Some tiny plankton may have big effect on ocean's carbon storage, report scientists. A research team has found that some microscopic, mixotrophic organisms may have a large impact on the ocean's food web and the global carbon cycle.

  • Long-term global warming not driven naturally

    By examining how Earth restores equilibrium after periods of natural warming, a new study reinforces that long-term global temperature does not evolve chaotically but remains stable unless pushed by external factors. Large, sustained changes in global temperature, like those observed over the last century, cannot occur without drivers such as increased greenhouse gas concentrations. Estimates of natural climate cycles alone are insufficient to explain such changes.

  • New tool for gauging public opinion reveals skepticism of climate engineering

    Members of the public find the risks of climate engineering technology more likely than any of the benefits, according to an article. Such research is crucial because even if the goal of reducing global temperatures by two degrees Celsius is achieved, it will not halt the impacts of global climate change, including sea-level rise, shifts in rainfall, and extreme weather events. Given this context, a growing number of scientists are advocating for climate engineering technologies, also referred to as "geoengineering."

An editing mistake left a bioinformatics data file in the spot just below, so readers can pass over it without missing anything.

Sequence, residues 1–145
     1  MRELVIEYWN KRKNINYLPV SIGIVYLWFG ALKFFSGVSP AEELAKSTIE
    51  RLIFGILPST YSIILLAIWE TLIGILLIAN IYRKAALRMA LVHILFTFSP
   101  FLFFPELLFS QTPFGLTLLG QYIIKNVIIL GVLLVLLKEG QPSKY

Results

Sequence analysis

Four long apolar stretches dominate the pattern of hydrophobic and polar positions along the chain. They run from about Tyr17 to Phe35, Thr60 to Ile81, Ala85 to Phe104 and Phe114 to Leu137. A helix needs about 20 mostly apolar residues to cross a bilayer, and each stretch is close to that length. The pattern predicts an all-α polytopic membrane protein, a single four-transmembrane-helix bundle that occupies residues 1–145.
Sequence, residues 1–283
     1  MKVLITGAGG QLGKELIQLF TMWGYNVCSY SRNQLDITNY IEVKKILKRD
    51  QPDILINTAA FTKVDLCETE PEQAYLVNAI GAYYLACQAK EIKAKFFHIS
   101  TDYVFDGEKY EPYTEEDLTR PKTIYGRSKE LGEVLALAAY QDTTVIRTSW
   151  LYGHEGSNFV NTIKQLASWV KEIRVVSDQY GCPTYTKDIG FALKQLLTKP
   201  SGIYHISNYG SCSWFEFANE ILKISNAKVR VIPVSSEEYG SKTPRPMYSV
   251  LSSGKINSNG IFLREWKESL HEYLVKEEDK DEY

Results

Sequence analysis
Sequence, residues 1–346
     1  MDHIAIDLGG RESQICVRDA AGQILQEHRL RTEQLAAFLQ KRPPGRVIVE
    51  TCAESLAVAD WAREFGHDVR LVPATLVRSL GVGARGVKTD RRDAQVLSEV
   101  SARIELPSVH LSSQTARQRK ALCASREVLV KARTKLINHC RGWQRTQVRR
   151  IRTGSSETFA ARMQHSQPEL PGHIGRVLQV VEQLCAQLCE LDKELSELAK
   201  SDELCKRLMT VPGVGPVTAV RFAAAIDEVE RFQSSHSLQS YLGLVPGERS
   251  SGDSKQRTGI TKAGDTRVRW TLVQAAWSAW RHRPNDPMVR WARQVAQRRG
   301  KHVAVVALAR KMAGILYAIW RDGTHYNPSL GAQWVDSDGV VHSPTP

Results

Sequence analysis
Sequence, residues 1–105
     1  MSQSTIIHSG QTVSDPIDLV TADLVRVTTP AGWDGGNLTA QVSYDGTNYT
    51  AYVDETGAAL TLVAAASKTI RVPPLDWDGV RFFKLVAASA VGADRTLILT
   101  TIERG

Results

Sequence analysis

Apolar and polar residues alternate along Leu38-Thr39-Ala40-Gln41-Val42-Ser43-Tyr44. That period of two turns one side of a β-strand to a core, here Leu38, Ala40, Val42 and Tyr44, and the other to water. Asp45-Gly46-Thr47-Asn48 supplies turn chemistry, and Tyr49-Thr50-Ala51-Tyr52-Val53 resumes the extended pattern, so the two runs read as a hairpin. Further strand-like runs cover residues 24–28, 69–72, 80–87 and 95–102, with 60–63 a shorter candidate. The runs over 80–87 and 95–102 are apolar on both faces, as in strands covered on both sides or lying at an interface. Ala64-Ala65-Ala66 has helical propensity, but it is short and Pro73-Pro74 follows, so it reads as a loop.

• Increase in volcanic eruptions at the end of the ice age caused by melting ice caps and erosion

    Researchers have found that glacial erosion and melting ice caps both played a key role in driving the observed global increase in volcanic activity at the end of the last ice age.

  • New technique to find copper deposits

    A new and relatively inexpensive way to establish whether certain types of magmatic rocks are more likely to contain valuable metal deposits has been developed by a team of scientists.

  • Rapid formation of bubbles in magma may trigger sudden volcanic eruptions

    It has long been observed that some volcanoes erupt with little prior warning. Now, scientists have come up with an explanation behind these sudden eruptions that could change the way observers monitor active or dormant volcanoes.